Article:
• Smart Manufacturing and Advanced Recycling Technologies (SMART) Centre, Conestoga College, ON
    • Coalia (formerly Centre de technologie minérale et de plasturgie), Cégep de Thetford, Thetford Mines, QC
    • Digital Integration Centre of Excellence (DICE), Saskatchewan Polytechnic, Saskatoon, SK
    • Energy and Power Innovation Centre (EPIC), Mohawk College, Hamilton, ON
    • Integrated Agriculture Technology Centre (IATC), Lethbridge College, Lethbridge, AB
    • Selkirk Technology Access Centre (STAC), Selkirk College, Castlegar, BC
    • Technology Access Centre for Oil Sands Sustainability (TACOSS), NAIT, Edmonton, AB
  • All TACs from the third cohort are renewed successfully with a second five-year mandate, bringing the Tech-Access Canada family to a solid 60 nationally recognized Technology Access Centres.

Due to the pandemic, the Best Practices Workshop was offered in a virtual format for the first time ever.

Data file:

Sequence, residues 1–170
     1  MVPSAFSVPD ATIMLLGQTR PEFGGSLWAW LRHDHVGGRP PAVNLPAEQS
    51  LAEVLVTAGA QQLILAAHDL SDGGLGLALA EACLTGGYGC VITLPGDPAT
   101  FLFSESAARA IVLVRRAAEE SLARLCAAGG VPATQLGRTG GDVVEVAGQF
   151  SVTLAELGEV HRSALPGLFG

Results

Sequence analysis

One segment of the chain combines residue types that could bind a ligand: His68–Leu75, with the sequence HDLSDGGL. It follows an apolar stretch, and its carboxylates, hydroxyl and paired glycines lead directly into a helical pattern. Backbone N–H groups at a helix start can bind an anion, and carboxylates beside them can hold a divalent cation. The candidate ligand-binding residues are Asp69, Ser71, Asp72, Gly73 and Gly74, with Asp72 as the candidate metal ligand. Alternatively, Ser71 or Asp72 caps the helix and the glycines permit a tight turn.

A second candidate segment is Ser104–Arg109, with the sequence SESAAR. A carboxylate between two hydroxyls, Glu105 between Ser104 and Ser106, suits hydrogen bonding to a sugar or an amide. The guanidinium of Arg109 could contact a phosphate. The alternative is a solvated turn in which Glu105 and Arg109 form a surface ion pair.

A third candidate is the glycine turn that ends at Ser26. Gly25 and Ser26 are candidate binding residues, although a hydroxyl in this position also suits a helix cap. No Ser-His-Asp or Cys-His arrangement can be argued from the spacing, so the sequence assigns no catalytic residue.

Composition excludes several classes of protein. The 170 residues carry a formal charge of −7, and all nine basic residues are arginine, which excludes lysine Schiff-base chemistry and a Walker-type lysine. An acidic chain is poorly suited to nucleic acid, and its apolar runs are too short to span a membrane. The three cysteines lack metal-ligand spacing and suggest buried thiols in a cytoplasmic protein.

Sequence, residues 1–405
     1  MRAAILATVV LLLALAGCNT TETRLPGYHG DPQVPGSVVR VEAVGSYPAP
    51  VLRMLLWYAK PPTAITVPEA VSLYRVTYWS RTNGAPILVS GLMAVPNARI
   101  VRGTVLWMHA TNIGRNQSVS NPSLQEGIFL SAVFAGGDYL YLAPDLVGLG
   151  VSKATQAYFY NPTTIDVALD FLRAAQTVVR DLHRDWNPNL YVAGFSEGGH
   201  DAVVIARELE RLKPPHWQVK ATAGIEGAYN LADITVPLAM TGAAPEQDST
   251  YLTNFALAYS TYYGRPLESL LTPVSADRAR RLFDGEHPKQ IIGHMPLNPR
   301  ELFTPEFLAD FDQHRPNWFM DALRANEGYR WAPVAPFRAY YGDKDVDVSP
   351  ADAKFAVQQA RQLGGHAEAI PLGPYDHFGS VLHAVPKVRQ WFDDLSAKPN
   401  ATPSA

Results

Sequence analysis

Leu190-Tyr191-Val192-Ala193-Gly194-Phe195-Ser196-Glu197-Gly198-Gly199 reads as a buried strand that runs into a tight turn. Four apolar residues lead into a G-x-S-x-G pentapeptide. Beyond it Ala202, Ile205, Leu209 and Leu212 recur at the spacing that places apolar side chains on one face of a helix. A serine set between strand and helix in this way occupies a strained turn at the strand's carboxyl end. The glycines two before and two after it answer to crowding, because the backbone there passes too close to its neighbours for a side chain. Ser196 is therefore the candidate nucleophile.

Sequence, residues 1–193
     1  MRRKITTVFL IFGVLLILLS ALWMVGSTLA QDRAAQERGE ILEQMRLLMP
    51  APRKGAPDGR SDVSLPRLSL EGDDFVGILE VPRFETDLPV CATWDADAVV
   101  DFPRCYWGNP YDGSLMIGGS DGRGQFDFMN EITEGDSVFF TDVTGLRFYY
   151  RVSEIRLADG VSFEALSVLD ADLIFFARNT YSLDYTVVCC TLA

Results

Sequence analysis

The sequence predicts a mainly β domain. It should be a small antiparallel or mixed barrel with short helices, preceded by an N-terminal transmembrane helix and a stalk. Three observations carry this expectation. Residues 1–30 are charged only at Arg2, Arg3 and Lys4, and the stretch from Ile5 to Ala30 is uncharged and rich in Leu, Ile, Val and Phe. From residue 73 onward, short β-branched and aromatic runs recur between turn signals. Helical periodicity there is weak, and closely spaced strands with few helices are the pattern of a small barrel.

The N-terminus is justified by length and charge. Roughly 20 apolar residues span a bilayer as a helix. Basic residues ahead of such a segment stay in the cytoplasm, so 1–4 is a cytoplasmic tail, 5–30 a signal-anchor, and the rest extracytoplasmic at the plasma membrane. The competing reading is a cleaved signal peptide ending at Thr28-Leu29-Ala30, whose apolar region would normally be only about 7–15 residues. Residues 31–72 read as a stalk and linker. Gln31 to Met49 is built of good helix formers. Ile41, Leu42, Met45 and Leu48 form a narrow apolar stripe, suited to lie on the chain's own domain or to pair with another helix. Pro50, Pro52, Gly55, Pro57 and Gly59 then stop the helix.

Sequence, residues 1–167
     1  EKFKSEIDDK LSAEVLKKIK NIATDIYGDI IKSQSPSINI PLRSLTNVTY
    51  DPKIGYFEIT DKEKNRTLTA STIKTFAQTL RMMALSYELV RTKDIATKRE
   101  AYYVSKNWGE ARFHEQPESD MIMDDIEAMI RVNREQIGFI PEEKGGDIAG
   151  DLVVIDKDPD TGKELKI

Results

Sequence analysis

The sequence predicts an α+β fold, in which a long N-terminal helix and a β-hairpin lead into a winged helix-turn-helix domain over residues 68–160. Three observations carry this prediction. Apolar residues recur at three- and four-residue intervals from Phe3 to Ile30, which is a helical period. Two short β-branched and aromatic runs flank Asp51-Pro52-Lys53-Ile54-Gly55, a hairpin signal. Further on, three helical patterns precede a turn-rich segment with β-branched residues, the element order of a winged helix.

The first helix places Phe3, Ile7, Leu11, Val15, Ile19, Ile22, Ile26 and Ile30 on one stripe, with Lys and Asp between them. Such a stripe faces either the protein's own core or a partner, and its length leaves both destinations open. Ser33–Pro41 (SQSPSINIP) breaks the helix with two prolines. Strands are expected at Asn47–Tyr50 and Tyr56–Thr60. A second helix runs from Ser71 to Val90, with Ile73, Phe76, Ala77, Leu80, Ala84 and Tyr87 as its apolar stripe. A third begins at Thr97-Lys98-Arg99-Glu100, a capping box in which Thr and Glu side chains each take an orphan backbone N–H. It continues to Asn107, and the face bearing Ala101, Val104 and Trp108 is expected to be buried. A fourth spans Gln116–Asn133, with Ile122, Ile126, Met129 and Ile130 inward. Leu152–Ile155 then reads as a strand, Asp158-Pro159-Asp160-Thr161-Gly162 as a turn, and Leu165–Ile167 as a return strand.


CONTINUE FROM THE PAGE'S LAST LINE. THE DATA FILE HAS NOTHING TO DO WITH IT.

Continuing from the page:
Budget 2021 recognizes the positive impact of the Interactive Visits program and provides two years of enhanced funding support, as well as policy direction to enhance the eligibility criteria to encourage the participation of innovative firms owned by members of underrepresented groups.
Budget 2021 also provides the College and Community Innovation Program with two years of additional funding to foster additional collaborative R&D relationships between colleges and companies.
eCampusOntario and Tech-Access Canada enter into a strategic partnership to develop a collaborative innovation platform, and pilot two applied R&D programs.
For the second year in a row, the Best Practices Workshop was offered in a virtual format. A record number of attendees for a Tech-Access Canada event.


The second year of the enhanced Interactive Visits program allowed for multi-TAC Interactive Visits in service of NRC IRAP clients, as well as enhanced eligibility criteria to support a wider groups of Canadian companies. A record number of companies were served and a record amount of funding was fully allocated in early February 2023, and by the end of the fiscal year, over 120 companies were on the waitlist to participate.